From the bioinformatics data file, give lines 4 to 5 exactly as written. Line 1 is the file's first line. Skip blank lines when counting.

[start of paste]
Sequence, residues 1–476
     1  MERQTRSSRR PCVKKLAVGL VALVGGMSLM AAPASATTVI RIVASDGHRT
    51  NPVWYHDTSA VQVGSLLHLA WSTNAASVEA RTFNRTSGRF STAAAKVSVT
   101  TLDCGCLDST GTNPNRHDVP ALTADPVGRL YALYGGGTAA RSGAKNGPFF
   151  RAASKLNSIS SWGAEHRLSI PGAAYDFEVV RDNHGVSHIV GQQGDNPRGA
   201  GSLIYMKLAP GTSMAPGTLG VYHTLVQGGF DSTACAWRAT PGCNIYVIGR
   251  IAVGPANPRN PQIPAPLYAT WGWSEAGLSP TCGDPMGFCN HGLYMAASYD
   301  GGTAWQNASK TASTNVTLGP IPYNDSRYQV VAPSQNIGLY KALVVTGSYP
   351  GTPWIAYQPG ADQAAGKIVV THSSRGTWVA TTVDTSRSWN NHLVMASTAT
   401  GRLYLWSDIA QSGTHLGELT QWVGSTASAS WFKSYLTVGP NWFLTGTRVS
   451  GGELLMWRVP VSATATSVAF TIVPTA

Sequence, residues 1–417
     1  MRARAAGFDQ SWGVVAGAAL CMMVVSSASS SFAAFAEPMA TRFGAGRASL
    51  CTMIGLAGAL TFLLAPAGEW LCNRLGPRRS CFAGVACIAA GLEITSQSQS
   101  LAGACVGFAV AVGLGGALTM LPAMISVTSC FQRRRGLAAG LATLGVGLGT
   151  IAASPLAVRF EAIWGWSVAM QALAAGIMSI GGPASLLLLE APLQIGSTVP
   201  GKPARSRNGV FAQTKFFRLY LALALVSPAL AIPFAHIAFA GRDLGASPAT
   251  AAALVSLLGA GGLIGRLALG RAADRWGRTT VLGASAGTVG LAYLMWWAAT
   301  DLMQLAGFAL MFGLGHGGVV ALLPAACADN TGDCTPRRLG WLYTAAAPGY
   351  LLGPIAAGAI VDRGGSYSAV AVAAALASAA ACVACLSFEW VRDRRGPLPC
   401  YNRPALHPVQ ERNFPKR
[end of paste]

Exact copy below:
   101  TLDCGCLDST GTNPNRHDVP ALTADPVGRL YALYGGGTAA RSGAKNGPFF
   151  RAASKLNSIS SWGAEHRLSI PGAAYDFEVV RDNHGVSHIV GQQGDNPRGA